Background: A higher incidence of inflammatory bowel disease (IBD) in industrialized areas has been previously reported, but the effect of emigrating to western industrialized countries for a period of time and returning to the country of origin is unknown. Aim of the study was to evaluate the effect of emigrating to another country and returning to the place of origin on the risk of IBD.
Methods: A prospective case-control study was performed. Inclusion criteria were all patients > 18 years diagnosed with Crohn's disease (CD) or ulcerative colitis (UC) in the last 10 years. Healthy, unrelated controls, matched by sex, age and smoking habits, with no family history of IBD were included. All patients and controls were interviewed and emigration was defined as living for at least one year in another country.
Results: 242 consecutive patients with IBD (105 CD and 137 UC) and 242 controls were included. Patients who had previously emigrated developed more frequently IBD than controls (OR 1.93, 95%CI 1.19–3.15, p < 0.01). Patients who emigrated to European countries developed more frequently IBD than controls (OR 1.91, 95%CI 1.07–3.47, p = 0.02), but not those who had emigrated to Latin America (OR 1.48, 95%CI 0.67–3.27, p = 0.32). Emigration plays a significant role in the development of UC (OR 2.24, 95%CI:1.29–3.88, p < 0.01), but not in CD (OR 1.56, 95%IC:0.83–2.92, p = 0.15).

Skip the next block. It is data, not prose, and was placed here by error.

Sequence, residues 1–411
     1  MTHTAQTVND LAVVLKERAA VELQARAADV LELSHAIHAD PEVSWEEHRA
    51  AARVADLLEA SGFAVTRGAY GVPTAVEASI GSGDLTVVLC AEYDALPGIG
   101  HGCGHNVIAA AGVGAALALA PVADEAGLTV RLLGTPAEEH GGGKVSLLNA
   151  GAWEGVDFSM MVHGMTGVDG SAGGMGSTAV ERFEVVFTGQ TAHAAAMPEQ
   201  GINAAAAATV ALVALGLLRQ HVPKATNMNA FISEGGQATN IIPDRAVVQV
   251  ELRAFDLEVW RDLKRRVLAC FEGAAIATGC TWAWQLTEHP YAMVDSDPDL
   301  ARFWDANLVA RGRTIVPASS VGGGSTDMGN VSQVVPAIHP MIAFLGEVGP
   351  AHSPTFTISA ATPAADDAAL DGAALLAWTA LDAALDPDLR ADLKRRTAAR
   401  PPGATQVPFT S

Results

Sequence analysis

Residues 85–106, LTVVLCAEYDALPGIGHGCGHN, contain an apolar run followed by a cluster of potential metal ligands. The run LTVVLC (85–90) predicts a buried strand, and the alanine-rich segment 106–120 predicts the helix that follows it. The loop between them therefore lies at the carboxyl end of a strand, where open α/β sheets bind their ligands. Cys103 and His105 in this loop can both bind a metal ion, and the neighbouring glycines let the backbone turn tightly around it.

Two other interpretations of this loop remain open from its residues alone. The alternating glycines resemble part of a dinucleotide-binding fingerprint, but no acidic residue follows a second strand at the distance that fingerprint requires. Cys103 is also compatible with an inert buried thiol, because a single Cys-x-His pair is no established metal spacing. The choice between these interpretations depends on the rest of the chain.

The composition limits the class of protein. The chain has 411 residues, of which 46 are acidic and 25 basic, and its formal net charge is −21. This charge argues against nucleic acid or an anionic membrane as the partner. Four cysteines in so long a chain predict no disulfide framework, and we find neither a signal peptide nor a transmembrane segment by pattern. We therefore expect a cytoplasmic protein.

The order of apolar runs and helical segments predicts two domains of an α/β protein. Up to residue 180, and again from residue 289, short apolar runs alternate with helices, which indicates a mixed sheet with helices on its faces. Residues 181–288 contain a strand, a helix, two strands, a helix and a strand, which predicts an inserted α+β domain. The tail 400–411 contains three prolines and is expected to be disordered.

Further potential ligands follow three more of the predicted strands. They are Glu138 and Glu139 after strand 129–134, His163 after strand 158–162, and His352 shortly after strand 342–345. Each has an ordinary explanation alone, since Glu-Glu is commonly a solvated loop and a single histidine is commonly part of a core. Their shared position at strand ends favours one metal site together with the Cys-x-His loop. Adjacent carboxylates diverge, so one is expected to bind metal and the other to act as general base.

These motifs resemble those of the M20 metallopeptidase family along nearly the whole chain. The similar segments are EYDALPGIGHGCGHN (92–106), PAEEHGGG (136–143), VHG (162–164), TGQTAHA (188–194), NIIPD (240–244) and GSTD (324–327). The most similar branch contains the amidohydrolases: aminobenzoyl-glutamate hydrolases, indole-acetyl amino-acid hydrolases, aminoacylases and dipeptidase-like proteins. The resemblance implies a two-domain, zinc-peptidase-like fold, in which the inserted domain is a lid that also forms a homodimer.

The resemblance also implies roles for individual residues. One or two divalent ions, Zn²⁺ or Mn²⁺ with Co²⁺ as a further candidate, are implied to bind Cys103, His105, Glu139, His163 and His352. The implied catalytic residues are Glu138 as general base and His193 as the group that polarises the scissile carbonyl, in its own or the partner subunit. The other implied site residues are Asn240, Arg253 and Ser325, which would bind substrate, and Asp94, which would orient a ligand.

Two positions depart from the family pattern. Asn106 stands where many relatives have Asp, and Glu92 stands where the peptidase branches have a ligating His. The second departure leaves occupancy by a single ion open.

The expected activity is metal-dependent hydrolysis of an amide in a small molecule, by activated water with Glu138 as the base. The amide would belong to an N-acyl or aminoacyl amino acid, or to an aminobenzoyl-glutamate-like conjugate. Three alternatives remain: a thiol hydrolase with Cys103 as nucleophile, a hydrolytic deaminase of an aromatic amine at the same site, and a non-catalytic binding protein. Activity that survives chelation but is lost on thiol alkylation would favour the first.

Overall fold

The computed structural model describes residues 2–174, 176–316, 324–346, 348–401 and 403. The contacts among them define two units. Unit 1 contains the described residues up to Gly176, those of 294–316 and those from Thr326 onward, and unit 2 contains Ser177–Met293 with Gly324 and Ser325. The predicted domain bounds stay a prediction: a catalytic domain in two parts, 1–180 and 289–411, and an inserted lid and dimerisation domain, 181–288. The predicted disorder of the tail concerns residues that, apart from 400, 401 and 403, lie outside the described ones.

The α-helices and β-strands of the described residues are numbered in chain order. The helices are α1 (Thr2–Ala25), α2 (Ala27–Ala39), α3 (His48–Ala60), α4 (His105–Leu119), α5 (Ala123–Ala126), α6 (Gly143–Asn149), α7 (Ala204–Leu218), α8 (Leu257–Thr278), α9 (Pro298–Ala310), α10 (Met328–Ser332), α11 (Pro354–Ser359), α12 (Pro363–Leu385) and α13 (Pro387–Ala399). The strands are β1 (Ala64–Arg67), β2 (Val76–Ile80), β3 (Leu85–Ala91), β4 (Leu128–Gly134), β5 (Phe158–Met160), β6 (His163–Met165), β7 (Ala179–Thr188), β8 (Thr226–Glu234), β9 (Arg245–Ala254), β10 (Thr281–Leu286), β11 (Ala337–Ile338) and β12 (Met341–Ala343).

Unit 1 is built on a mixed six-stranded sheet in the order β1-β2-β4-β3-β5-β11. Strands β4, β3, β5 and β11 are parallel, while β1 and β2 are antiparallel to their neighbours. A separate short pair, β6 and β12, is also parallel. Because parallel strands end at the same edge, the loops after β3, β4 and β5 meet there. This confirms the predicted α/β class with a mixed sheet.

Conclusions: People who emigrate to westernised countries have a higher risk for developing IBD, especially UC. Environmental factors related with industrialization seem to play an important role in the pathogenesis of these diseases.
Research highlights: ▸ People who emigrated to industrialized countries developed more frequently IBD. ▸ Emigration is associated only with European countries and not with Latin America. ▸ Emigration is a risk factor for developing UC.